New Book: Secrets of Sand Hill Road

About 18 months ago, I sat down over a holiday and reflected on the many conversations I’d had over the years with friends, aspiring entrepreneurs, start-up employees and students about venture capital and entrepreneurship. The questions were varied, but they all reflected a single theme: despite the prevalence of technology in most of our daily lives, people’s curiosity about venture capital and the technology company-building process far exceeded the available information.

So I decided to write a series of blog posts that I hoped would share some of what I had learned about the technology ecosystem over the past nearly 25 years–as a banker, start-up executive and, most recently, as a venture capitalist. I didn’t intend to write a book, but found that I had more to say than could fit neatly into a series of 1,000 word blog posts. And thus the idea for the book that is Secrets of Sand Hill Roadofficially published today–was born.

Venture capital is an industry that has punched well above its weight and been a major contributor to increasing consumer welfare, job growth and economic growth. But like any other industry, it can also be difficult to understand for new entrants or even repeat players, as there is a whole new vocabulary of terms and conventions that one needs to master. And so I hope that, in a small way, that this new book aiming to democratize access to information about this industry will help encourage more and more people from increasingly disparate and diverse domestic and global geographies to join the technology ecosystem, whether as entrepreneurs, employees at startup companies or employees at companies that interact with and support startups.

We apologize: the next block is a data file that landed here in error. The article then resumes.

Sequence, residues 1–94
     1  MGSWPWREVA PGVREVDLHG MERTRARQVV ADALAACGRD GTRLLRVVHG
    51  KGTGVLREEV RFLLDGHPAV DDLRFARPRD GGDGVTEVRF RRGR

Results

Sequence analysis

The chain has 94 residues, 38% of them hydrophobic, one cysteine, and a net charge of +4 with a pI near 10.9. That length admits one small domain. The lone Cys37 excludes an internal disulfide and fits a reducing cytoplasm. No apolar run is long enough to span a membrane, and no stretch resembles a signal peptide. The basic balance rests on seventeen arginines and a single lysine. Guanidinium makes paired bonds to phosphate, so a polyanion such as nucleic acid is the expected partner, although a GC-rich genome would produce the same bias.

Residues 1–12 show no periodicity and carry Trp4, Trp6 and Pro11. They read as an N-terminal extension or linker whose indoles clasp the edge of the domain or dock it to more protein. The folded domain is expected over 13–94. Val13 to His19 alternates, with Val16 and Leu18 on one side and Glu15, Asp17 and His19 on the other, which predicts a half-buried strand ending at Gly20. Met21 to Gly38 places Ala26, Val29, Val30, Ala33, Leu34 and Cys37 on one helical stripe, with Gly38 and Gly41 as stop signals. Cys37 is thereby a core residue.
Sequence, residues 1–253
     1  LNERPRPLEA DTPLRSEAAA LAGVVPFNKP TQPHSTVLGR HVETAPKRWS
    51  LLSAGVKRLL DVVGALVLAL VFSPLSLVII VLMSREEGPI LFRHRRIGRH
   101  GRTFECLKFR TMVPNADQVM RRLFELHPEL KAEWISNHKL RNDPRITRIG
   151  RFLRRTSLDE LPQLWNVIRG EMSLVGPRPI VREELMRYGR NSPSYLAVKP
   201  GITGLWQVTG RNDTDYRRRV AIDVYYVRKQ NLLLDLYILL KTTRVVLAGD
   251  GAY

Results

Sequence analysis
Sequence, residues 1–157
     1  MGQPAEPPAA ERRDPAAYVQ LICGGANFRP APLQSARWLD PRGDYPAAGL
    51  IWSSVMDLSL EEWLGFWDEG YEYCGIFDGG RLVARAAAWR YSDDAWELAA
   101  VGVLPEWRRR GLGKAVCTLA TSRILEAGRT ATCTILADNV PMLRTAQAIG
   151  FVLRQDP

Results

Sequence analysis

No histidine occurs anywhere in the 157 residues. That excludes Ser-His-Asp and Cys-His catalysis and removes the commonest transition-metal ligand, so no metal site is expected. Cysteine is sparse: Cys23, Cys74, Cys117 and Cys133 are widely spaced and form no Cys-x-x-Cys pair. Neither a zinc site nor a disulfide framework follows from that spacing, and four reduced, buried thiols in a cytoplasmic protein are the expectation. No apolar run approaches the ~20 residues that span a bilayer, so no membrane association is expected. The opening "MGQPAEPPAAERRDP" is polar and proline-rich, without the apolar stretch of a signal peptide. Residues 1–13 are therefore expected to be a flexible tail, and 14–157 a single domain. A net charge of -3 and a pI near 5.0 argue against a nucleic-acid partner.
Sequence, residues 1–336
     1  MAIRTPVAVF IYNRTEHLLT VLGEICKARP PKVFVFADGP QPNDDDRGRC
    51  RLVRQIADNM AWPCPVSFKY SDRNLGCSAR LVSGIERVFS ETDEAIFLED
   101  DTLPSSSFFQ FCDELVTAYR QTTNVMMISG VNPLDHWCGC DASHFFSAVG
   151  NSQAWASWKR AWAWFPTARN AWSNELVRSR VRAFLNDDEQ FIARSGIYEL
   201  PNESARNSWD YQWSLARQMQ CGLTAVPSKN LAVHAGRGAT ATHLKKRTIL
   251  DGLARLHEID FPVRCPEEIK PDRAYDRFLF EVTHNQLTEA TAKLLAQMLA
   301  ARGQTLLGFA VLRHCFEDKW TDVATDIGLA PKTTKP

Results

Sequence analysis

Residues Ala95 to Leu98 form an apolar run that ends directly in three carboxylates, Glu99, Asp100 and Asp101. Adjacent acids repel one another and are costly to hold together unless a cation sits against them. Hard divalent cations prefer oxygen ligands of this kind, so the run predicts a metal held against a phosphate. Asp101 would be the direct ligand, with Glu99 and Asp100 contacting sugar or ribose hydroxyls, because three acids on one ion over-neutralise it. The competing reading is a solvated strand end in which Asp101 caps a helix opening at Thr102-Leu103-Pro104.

Venture capital is an industry that has punched well above its weight and been a major contributor to increasing consumer welfare, job growth and economic growth. But like any other industry, it can also be difficult to understand for new entrants or even repeat players, as there is a whole new vocabulary of terms and conventions that one needs to master.

Everything that I write about is admittedly informed by the seats in which I have sat (and continue to sit), so your mileage may vary – and I suspect many of you will have good feedback and different perspectives. I look forward to hearing them.

We at a16z have long believed that “software is eating the world” and that it will continue to do so. Crucial to that vision is helping to encourage more and global entrepreneurship by leveling the information playing field for all involved in the ecosystem.